Maxon Cinebench R20 is a CPU intensive benchmark used by overclockers and professionals in the industry. A clean UI, short and compact test suite that stresses your CPU and RAM. This test uses a render workload to test your CPUs limits with AVX instruction sets that are used in the render. The test only takes between 1-8 minutes depending on hardware. The test type also affects the time, multicore being much faster and single-core taking a longer time to finish the test. A score is given based on how long it took to complete the render and that score can be used to see if the CPU/RAM is operating correctly. The UI is simple and hassle-free with a robust look and feel. 3DMarks full version will run you $30 on Steam, but a free version is available.
3. UserBenchmark (Whole System, Free)
UserBenchmark is a small compact program that scores your whole system in under 5 minutes, as well as rank your individual components on how well they performed compared to identical parts. It also tells you if you’ve won in the silicon lottery, a useful piece of info if you want to push high clock speeds.
All parts of your system are tested to give you a picture on how your PC performs. Optional stress tests are also included and can be run for longer periods to determine system stability on per-component basis. It also ranks your system in an overall list and gives your system a “fitness” rating on different workloads like gaming, workstation and desktop, expressed as a percentage. The “fitness” ratings use different parameter weighting to give you an idea how your PC should perform.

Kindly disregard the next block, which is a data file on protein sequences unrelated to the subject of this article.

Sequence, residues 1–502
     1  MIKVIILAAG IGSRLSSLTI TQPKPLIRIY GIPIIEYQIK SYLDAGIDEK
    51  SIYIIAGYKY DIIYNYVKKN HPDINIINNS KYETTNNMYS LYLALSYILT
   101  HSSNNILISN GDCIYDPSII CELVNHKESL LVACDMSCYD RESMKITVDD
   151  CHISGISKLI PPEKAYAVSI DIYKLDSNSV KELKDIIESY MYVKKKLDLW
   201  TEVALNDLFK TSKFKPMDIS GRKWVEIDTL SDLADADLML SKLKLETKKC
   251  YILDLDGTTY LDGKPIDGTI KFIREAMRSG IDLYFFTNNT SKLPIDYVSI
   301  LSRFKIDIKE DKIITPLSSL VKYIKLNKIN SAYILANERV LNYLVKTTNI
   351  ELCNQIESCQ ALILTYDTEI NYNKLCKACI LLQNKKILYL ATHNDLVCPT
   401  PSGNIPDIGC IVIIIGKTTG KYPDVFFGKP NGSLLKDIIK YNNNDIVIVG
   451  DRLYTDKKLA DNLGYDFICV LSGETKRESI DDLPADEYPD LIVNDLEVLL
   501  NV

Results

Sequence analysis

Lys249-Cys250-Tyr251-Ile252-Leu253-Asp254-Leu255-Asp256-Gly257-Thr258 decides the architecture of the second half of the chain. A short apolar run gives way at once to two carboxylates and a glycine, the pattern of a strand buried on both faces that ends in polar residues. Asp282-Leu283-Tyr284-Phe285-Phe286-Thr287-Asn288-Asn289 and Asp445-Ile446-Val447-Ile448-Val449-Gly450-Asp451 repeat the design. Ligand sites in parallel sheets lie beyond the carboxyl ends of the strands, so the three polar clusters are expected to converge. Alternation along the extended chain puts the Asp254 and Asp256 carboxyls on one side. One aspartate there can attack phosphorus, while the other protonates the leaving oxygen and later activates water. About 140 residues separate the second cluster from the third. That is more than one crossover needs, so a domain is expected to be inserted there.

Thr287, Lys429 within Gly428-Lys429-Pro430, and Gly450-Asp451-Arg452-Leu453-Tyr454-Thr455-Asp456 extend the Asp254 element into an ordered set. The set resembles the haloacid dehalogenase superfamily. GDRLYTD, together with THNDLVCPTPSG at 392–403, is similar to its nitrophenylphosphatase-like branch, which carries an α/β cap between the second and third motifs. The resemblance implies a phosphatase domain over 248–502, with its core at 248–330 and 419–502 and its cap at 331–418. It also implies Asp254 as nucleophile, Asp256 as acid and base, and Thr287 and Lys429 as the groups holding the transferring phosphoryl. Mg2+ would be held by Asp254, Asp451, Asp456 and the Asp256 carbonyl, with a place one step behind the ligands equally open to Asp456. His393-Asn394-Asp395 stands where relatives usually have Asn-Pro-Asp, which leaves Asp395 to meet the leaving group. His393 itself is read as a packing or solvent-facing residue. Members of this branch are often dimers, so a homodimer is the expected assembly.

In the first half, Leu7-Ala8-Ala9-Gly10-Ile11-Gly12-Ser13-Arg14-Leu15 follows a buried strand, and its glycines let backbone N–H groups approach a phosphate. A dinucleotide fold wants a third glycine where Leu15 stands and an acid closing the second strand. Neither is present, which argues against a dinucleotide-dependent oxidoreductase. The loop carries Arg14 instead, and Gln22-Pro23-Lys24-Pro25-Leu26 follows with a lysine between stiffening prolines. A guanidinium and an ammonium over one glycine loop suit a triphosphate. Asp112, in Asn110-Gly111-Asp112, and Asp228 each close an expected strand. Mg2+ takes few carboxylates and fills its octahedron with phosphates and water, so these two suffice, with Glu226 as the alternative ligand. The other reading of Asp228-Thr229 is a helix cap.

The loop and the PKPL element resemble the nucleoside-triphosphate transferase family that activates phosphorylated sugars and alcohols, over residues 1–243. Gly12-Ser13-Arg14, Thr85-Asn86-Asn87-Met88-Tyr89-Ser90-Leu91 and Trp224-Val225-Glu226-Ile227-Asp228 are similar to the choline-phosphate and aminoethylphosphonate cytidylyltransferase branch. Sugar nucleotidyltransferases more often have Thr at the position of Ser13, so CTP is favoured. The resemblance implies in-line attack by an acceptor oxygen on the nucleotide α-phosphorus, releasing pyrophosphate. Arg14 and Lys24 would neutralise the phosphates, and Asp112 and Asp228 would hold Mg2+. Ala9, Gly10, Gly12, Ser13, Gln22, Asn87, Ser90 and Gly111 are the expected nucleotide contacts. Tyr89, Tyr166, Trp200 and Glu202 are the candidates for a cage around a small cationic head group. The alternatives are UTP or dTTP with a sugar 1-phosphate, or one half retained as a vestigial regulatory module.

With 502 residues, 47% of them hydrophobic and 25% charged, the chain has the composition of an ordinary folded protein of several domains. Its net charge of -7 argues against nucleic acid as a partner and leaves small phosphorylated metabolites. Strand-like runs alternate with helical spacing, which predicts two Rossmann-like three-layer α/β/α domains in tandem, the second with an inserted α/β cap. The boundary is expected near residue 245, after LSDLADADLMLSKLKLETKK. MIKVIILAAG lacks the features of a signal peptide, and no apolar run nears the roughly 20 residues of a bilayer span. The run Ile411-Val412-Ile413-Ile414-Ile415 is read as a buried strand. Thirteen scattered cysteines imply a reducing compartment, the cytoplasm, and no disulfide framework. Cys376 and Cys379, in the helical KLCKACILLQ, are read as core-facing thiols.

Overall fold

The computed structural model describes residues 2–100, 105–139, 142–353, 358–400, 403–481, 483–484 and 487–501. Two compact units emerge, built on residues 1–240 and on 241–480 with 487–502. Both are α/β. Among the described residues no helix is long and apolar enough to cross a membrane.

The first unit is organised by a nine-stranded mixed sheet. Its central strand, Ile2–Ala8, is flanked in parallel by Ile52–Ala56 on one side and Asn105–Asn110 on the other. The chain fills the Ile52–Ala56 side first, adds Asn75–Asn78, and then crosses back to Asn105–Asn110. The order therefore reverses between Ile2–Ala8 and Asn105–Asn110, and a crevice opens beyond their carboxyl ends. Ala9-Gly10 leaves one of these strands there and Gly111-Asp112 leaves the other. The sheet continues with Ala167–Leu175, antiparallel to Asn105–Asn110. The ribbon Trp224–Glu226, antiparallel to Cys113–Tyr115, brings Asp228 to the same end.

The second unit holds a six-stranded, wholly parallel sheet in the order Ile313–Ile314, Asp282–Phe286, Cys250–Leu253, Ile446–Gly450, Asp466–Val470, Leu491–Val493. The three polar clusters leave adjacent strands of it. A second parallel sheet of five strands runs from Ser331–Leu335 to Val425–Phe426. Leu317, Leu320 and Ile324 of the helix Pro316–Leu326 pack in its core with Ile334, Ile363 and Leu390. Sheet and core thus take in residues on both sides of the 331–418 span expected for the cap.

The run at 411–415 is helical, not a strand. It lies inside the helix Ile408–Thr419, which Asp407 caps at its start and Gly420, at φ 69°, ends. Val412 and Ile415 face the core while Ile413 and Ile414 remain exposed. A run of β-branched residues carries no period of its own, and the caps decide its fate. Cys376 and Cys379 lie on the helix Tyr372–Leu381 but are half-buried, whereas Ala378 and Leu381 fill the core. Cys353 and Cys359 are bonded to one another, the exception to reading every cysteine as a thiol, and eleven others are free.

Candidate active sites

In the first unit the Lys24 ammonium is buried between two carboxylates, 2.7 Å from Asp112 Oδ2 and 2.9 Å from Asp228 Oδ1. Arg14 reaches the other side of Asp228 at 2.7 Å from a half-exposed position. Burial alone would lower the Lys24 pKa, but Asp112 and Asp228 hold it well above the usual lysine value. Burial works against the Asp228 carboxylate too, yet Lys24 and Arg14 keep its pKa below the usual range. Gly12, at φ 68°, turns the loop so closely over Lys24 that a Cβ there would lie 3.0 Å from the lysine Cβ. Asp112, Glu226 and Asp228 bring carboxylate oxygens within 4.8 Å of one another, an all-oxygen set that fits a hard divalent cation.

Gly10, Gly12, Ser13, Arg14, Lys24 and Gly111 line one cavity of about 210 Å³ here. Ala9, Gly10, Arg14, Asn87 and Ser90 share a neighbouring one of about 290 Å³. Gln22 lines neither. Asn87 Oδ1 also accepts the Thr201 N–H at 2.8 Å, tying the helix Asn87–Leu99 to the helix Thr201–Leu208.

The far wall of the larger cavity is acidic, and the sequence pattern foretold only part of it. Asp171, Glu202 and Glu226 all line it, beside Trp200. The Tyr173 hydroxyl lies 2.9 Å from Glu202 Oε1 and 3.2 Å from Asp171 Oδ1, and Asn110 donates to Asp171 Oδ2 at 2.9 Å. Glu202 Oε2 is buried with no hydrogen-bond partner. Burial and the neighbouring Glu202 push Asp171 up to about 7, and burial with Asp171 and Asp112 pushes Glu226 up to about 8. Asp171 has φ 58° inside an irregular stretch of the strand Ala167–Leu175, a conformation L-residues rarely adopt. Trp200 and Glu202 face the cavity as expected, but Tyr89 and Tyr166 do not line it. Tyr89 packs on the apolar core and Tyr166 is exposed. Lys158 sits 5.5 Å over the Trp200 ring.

4. PCMark 10 (Whole System, Free + Paid)
PCMark 10 is a benchmark tool with as many tests as AIDA64 and even more – featuring almost every kind of test in its package. With a clean interface and monitoring built in you are ready to test the system. Workloads can be synthetic or more realistic giving you accurate insight on how your PC is performing across the board in different types of workloads. PCMark 10 will run you $30 with a free version available.
That concludes our list on the best stress testing and benchmarking software for 2020, with any of these programs you can achieve a more stable and overall healthier system that will hold its ground on heavy workloads. Though we recommend installing at least two programs of either type so that you can test your whole system in case your first choice can’t stress all the components.